More than 18 dinosaur skeletons illegally taken from Mongolia were formally returned to their homeland last week, U.S. authorities announced.
The fossilized bones were handed over to Mongolian officials in a repatriation ceremony held July 10 in New York. "Today, we return a veritable nest of dinosaurs," Manhattan U.S. Attorney Preet Bharara said in a statement after the ceremony.
"This is a historic event for the U.S. Attorney's Office, in addition to being a prehistoric event, and we are proud to participate in the return of these dinosaur skeletons to their rightful home," Bharara said. [Album: A Tarbosaurus Travels from Auction to Courtroom]
The road to repatriation began two years ago, in 2012, when an auction house in New York was offering a skeleton of a Tarbosaurus bataar — an Asian cousin of Tyrannosaurus rex. Mongolian authorities voiced concern that the specimen had likely been smuggled into the United States. The 70-million-year-old dinosaur species was native to the Gobi desert in Asia, and to date, has only been found in modern-day Mongolia.
The Tarbosaurus sale attracted a bid of more than $1 million, but the suspicions of the Mongolian authorities sparked a long legal battle and federal investigation. U.S. authorities froze the sale, and after a lengthy custody battle, the specimen was returned to Mongolia in May 2013.
Eric Prokopi, a self-described commercial paleontologist who imported the dinosaur, pleaded guilty to criminal charges that he smuggled the skeleton and other fossils into the United States. In June, Prokopi was sentenced to three months in federal prison.
The other Mongolian fossils forfeited by Prokopi during the case were returned in the July 10 ceremony, including a second Tarbosaurus, oviraptors and skeletons of the duckbilled, plant-eating Saurolophus angustirostris.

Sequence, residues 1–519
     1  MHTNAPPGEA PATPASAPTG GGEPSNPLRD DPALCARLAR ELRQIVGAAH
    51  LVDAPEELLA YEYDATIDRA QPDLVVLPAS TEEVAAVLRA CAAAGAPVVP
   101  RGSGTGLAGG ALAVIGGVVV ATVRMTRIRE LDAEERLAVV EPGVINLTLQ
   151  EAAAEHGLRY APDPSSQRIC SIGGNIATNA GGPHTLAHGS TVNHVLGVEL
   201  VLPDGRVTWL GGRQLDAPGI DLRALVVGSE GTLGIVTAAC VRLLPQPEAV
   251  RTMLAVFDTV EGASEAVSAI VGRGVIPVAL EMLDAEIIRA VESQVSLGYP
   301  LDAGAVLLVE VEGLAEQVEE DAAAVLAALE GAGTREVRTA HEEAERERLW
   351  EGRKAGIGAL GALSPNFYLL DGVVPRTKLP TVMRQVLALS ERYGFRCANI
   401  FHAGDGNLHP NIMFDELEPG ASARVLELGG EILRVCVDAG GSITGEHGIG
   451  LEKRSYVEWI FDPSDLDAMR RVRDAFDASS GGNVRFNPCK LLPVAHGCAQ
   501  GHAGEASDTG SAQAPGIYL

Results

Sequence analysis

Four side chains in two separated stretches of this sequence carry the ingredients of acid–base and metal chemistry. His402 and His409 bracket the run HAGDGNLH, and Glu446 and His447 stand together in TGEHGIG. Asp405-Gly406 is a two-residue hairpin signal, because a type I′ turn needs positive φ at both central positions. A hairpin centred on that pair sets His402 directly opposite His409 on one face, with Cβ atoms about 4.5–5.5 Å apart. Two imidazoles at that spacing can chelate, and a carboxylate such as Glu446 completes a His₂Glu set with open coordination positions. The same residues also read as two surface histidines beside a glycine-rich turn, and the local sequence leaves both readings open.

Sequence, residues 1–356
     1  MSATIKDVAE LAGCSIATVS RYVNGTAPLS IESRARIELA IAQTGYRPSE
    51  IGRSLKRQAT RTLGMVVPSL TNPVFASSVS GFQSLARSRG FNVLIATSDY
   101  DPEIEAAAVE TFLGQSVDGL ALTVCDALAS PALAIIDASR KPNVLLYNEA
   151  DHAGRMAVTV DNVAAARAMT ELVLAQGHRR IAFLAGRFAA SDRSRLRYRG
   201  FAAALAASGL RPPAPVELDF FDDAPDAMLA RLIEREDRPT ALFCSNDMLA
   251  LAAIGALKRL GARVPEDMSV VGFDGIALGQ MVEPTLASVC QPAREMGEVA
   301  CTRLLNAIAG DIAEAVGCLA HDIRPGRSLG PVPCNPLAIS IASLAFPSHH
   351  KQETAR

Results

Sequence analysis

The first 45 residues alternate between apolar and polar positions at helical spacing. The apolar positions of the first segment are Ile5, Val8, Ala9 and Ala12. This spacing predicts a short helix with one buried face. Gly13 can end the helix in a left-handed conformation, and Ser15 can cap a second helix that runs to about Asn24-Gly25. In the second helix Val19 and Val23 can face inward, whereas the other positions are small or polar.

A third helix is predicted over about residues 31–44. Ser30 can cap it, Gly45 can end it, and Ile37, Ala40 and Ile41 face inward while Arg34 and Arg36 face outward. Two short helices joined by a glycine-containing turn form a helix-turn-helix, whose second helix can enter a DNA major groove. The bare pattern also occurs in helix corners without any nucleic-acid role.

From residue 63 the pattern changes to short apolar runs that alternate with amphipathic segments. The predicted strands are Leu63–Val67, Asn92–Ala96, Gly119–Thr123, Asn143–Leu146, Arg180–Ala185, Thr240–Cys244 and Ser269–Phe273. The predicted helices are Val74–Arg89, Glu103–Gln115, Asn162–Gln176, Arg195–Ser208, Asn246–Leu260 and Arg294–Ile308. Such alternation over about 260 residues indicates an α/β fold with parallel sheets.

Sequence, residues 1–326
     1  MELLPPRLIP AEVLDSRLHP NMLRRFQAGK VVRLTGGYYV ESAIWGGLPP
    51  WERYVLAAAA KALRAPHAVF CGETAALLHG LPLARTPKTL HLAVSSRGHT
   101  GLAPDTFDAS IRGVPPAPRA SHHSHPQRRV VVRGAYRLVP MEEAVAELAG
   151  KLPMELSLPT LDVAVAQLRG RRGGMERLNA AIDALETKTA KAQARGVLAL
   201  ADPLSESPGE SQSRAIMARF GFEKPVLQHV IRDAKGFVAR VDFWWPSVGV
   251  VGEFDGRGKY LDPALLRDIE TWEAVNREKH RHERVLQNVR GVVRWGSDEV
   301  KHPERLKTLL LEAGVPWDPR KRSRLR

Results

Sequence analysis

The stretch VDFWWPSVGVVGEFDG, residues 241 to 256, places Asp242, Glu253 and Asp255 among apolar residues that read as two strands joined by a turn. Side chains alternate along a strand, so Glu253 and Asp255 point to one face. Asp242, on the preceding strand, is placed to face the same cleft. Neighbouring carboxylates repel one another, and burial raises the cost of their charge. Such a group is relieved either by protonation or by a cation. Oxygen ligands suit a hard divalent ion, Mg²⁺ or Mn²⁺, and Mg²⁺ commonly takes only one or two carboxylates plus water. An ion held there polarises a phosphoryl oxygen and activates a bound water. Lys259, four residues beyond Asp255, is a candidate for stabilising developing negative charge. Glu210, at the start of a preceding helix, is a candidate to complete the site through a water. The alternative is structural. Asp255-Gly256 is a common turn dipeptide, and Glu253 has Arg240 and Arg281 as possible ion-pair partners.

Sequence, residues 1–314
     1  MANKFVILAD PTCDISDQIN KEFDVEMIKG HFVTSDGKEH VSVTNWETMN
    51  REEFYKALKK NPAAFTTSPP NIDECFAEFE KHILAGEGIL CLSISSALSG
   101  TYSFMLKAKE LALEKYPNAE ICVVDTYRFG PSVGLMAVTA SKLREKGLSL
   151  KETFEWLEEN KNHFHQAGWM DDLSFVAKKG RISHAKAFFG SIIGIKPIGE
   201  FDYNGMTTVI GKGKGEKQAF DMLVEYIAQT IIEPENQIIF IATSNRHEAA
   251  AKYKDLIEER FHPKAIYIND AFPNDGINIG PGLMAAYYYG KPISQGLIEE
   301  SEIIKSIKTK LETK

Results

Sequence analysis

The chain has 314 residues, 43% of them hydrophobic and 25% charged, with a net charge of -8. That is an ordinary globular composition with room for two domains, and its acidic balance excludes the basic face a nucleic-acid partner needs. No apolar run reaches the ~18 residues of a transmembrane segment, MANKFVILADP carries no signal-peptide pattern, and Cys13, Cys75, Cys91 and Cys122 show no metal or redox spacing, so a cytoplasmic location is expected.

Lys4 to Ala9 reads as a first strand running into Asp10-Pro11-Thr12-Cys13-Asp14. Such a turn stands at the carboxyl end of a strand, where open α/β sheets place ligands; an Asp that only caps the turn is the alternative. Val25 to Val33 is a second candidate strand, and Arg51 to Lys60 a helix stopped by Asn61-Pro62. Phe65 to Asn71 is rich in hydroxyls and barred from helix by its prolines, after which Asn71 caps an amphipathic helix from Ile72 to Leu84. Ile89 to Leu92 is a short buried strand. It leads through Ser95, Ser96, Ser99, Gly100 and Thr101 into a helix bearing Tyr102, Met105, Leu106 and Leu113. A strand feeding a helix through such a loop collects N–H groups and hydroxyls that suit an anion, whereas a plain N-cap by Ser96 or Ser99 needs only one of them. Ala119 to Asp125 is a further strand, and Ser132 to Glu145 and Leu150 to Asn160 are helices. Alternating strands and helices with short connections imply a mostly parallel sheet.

Federal authorities also returned fossils that had been forfeited by Christopher Moore, a onetime business partner of Prokopi in the United Kingdom, including a third Tarbosaurus, skeletons of a roosterlike Gallimimus dinosaur and a nest of fossilized eggs, all looted from Mongolia.
"The fossils returned today do not belong in the hands of any private collection or one owner," James T. Hayes Jr., special agent in charge of Homeland Security Investigations (HSI) in New York, said in a statement. "They belong to the people of Mongolia where they will be displayed in their national museum alongside the Bataar ICE repatriated last year. HSI will not allow the illicit greed of some to trump the cultural history of an entire nation."
The Mongolian government made it illegal in 1924 to own or export items of cultural significance, including dinosaur fossils.
Follow Megan Gannon on Twitter and Google+. Follow us @livescience, Facebook & Google+. Original article on Live Science.